After a couple weeks without major movement, investors and acquirers are showing interest in bitcoin. First, CoinDesk acquired San Francisco-based bitcoin and blockchain investing news and market data startup Lawnmower for an undisclosed amount.
Secondly, Kenyan payments platform startup BitPesa, which allows individuals and businesses to make payments in multiple currencies, including digital, to and from sub-Saharan Africa, received funding. The startup nabbed $2.5 million in venture funding for its Series A from Colle Capital Partners, Blockchain Capital, Pantera Capital, Digital Currency Group and Draper Associates. The latest round brings BitPesa’s total funding to $4.25 million.
In U.S. trading news, the deadline is fast approaching for the SEC decision to approve or deny the Winklevoss twins’ bid for a bitcoin trust. Three-and-a-half years ago, the two filed with the SEC to approve a bitcoin ETF, named the Winklevoss Bitcoin Trust (COIN).
Since then, the proposal has been updated numerous times. The SEC has reportedly asked for public comments and repeatedly put off making a decision. But now, the SEC has run out of deadline extensions and will make a call one way or another by March 11 of this year. Analysts are mixed on the likelihood of this prospect.
The major crypto story this week again comes from East Asia. Some major changes are currently underway in China, and they’re already impacting bitcoin’s trading value. (In case anyone was still questioning the inexorable link between bitcoin’s success and China regulator sentiment, see below.)
The price of bitcoin is back below $1,000, falling from a recent high of over $1,077 down to below $950 in just under two hours on Thursday (Feb. 9) morning.
The price had recovered to around $975.20 at the time of writing but was still trending downward as the news spread of China expanding its domestic bitcoin exchange probe and how it would affect bitcoin exchanges from here on out.
Last month, the People’s Bank of China (PBoC) launched a probe into major bitcoin exchanges in Beijing and Shanghai, including BTCC, Huobi and OKCoin, investigating possible instances of market manipulation, money laundering and unauthorized financing.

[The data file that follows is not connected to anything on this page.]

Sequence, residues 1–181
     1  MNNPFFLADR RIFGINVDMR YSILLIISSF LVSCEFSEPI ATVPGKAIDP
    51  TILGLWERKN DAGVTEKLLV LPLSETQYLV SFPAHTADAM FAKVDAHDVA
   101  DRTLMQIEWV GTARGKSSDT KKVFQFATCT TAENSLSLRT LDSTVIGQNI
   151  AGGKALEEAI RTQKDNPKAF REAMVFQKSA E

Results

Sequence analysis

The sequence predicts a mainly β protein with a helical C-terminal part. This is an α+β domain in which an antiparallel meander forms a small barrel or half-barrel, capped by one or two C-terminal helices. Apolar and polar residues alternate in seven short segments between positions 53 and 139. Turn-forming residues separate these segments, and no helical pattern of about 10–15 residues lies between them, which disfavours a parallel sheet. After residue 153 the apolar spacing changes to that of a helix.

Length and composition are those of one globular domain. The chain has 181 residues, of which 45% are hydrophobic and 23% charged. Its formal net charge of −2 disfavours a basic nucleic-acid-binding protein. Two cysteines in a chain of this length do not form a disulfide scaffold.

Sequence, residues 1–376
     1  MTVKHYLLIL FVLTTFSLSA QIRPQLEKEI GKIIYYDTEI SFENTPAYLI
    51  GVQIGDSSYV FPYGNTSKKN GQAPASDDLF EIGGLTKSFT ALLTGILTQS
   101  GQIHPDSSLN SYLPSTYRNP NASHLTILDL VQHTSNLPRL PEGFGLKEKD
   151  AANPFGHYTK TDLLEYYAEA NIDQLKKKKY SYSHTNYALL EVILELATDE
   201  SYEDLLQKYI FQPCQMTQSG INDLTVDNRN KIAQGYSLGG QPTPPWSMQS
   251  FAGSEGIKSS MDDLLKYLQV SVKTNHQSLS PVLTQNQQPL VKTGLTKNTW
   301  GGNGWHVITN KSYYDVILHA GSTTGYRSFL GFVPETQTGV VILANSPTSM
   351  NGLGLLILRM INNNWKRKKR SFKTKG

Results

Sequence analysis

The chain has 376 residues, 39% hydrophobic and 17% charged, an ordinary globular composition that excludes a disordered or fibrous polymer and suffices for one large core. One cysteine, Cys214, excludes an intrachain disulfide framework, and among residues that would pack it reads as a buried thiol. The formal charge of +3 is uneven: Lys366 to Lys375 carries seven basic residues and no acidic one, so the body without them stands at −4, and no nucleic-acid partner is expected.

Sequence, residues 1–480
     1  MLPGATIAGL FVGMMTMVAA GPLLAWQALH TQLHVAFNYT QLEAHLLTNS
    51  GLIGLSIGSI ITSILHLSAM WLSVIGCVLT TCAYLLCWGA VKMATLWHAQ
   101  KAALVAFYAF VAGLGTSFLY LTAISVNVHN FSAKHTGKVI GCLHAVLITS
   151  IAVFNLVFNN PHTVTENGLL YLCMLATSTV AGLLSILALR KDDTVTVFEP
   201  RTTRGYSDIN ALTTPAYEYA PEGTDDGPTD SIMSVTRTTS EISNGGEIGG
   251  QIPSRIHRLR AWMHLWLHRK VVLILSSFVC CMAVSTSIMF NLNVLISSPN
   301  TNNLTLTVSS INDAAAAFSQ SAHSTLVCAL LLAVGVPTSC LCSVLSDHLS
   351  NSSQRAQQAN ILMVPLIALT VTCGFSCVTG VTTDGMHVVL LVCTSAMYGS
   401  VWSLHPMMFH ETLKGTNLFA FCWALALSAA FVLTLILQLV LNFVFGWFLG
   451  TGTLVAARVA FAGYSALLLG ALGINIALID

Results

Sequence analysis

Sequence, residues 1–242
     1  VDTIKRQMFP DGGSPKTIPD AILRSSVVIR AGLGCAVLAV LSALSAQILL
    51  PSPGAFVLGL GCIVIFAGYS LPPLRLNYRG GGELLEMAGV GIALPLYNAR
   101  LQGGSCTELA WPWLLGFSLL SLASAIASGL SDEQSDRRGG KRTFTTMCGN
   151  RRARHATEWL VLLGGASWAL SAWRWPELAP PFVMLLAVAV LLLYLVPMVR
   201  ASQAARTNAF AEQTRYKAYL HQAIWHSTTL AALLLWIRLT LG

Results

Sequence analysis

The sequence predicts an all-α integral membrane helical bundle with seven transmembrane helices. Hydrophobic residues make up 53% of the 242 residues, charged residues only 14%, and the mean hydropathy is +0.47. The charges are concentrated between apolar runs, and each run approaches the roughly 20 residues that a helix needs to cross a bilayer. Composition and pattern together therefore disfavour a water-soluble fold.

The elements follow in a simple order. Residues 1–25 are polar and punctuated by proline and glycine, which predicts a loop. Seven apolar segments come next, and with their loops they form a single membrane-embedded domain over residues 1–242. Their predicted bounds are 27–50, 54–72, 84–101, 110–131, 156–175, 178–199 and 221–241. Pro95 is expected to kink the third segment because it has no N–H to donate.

The PBoC met with nine more small bitcoin platforms on Wednesday afternoon, asking a wide variety of questions, including some that were reportedly related to anti-money laundering. Current Chinese regulations limit foreign exchange to $50,000 each year, but some believe that people are using bitcoin and other digital currencies to circumvent this maximum.
In response to the probe, the major Chinese bitcoin exchanges first restricted margin trading and introduced trading fees. BTCC, Huobi and OKCoin all started charging traders a flat fee of 0.2 percent per transaction.
Two of China’s largest bitcoin exchanges — OKCoin and Huobi — recently announced moves to temporarily suspend bitcoin withdrawal capabilities for the next month. Both exchanges separately announced that their teams would be working on platform updates to improve their abilities to combat money laundering and prevent illegal transactions.
BTCC, the nation’s largest exchange, also announced it would be performing upgrades, said CoinDesk. In this case, withdrawal capabilities won’t be completely suspended. Rather, bitcoin and litecoin withdrawals will take 72 hours to process.
In response to the meeting on Wednesday with the PBoC, a number of smaller Chinese bitcoin exchanges also announced that they would begin imposing or increasing trading fees, including BTC Trade, BTC100, CHBTC, Dahonghuo, Yuanbao and BitBays.
For now, the PBoC seems to be playing somewhat nice as long as Chinese exchanges stay in line. While the era of fee-free bitcoin trading in China seems to be over, there has been no indication of a major push on the regulatory to ban or criminalize cryptocurrency outright. Not for now, at least.
Chinese bitcoin exchanges account for over 90 percent of worldwide trading, and over 80 percent of bitcoin mining operations are currently stationed in the nation of some 1.3 billion. One thing seems certain in all this — if bitcoin ever goes down in China, it might just go down for good.
But even if that were the case, it seems likely that another digital currency (or currencies) would swoop in to fill the crypto-vacuum. The world certainly isn’t short on different types cryptocurrencies.
For example, there’s soon to be another new player on the scene. Musician Tatiana Moroz’s new cryptocurrency, called Tatianacoin, has just been released in beta. Owners of Tatianacoin will reportedly be able to stream her music, chat directly with her and other fans, as well as access unique multimedia content, VIP experiences, recording studio sessions, private concerts and personalized fan gear via blockchain technology.
The goal is to try to solve the problems faced by artists in income potential, media distribution and fan relations within the contemporary music industry.
Tatiana Moroz said in a press release: “After experiencing firsthand the troubles artists face trying to make a name for themselves, I sought a revolutionary way for artists and fans to help each other through incentivized financial support and social connectivity. The only way to achieve this is through the power of the blockchain: a technology that presents countless opportunities for artists and musicians.”
Interesting in its own right as a crypto-marketing tactic and a method to raise awareness of issues facing today’s upstart musicians, it seems unlikely Tatianacoin will progress to become something more utilized in the world of digital currency. But you never know for sure. It will all depend on whether users buy in.